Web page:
In 1999, ISO-NE launched wholesale markets with approximately 160 participants. Today, more than 260 companies and entities participate in these markets and complete more than $7.25 billion of wholesale electricity transactions annually. These new markets have demonstrated real returns, indicating that a successful market infrastructure can be built where none existed-and in a relatively short period of time.
Major benefits of the transition so far include:
Competitive markets, in our experience, work best with strong oversight and well-structured governance. The continued transition will not work without a comprehensive, collaborative planning process and strong independent leadership.
ISO-NE is spearheading necessary market improvements through the Wholesale Markets Plan. The plan provides a guide for making improvements to the market, so that participants have the ability to make informed decisions about future purchases and investments.
We also instituted an annual system planning process involving industry representatives, state regulators, and public officials that identifies critical power system needs and encourages market responses. The planning process is resource-neutral, and all solutions, whether generation, merchant transmission, or demand response, are considered equally.
In early 2005, ISO-NE evolved into a regional transmission organization (RTO) structure with clear operational control over the management of the region's transmission facilities, authority for the terms and conditions by which transmission customers receive non-discriminatory transmission service, and the ability to require transmission owners to pursue needed upgrades. ISO-NE will continue to be the single point of control to maintain reliability, not only on a daily basis, but also in emergencies. Through these authorities, it has an increased ability to protect the region from system failures.
Although New England is building a strong foundation for achieving successful competitive markets, more work remains. Reliability remains a serious concern in Greater Boston and Connecticut, where there is not enough electricity produced locally to meet growing demand, and transmission infrastructure is inadequate to bring surplus power in from other parts of New England, New York, and Canada. This mismatch between where the supply is produced and where it is used, combined with an aging and inadequate regional bulk power grid, results in reliability problems in the heaviest demand centers and adds significantly to the cost of power.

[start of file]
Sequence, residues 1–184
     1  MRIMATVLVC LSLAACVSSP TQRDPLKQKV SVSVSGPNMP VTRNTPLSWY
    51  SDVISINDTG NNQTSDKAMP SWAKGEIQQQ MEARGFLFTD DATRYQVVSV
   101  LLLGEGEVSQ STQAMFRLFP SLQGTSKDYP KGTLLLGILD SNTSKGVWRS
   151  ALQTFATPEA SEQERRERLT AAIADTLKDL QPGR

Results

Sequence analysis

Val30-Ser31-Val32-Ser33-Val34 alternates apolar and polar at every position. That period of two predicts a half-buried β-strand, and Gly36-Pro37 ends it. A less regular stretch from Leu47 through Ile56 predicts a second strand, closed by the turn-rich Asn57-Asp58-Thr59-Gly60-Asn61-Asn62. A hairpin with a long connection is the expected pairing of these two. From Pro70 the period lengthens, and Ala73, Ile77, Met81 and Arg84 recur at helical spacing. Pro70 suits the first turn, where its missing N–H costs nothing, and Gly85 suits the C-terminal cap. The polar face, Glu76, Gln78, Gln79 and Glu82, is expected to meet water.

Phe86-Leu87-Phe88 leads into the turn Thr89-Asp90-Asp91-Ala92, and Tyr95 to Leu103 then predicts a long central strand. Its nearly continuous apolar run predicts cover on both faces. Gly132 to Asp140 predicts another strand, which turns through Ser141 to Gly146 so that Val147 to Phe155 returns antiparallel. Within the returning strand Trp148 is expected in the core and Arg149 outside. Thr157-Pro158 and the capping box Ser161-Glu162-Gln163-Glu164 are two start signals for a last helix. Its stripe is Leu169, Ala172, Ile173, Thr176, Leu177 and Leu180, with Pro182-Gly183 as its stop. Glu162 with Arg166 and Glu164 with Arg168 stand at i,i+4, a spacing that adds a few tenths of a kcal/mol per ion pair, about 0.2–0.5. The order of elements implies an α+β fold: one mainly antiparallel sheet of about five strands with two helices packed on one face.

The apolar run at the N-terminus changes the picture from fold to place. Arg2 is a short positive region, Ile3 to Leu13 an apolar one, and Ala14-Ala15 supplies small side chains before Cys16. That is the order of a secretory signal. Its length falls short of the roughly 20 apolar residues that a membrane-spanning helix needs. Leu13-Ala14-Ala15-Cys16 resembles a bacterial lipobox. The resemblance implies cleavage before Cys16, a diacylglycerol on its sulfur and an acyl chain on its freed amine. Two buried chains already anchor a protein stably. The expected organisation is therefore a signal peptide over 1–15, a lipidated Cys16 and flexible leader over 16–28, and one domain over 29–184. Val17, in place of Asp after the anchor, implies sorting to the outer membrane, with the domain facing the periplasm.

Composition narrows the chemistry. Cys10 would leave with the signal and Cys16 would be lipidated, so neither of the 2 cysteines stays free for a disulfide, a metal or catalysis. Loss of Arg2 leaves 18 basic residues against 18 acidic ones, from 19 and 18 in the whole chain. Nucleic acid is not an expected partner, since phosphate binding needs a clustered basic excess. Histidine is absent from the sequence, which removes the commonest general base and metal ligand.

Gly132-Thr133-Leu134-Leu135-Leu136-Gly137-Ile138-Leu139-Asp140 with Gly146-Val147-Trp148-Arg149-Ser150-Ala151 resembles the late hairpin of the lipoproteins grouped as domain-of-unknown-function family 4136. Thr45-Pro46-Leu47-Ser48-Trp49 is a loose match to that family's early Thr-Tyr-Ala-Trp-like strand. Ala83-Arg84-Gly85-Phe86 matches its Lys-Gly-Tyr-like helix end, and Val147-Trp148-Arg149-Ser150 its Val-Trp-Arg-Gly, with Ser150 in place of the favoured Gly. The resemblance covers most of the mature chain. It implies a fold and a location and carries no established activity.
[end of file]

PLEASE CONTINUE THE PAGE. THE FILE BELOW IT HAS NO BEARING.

Five major factors contribute to the risks to reliability:
New England has come to the end of its building boom for new power sources. At the same time, we project that average peak demand for electricity will grow by approximately 1.5 percent annually during the next 10 years. The growth rate is higher, approximately 1.9 percent, in high-demand areas such as Connecticut. Moreover, there is a potential for a large number of generator deactivations or retirements, some of which are located in critical load pockets. The region also has become heavily reliant on natural gas-fired generators, many of which do not have a firm fuel supply. That poses potential reliability issues for the winter peak-load periods.
Five major transmission projects have been identified and planned, but the process of siting these facilities has been contentious and slow, particularly in Connecticut. Even with planned transmission upgrades, additional resources or repowering of existing resources will be needed within the load pockets to offset potential retirements and meet growing demand. As early as 2008, New England could face electricity shortages that would require emergency actions to meet peak demand in the summer.
There are three schools of thought as to where we go from here.
Some propose a approach and promote it as the "least-cost" option. This approach would require a series of administrative actions and market interventions, causing inefficiencies, higher costs, and increased reliability risks. This approach would lead to a continuation of expensive reliability contracts to secure supply from older, less efficient generators, and to the continued operation of the flawed installed capacity (ICAP) market. Other measures would cost consumers money but not attract needed investments in the system.
Some say free market solutions are not working, and they advocate a retreat to some form of regulated market. One recent proposal would allow utilities to own generators again as a way to ensure investment in new power plants. This first step back to regulation would create a situation in which generation projects financed through retail rates would have a substantial competitive advantage over projects that rely on wholesale market revenues for cost recovery. Merchant companies would be unlikely to enter the market, and competition and choice would disappear. Consumers would pay more for less reliable service, and over time, the full risk of investment would be shifted back to them.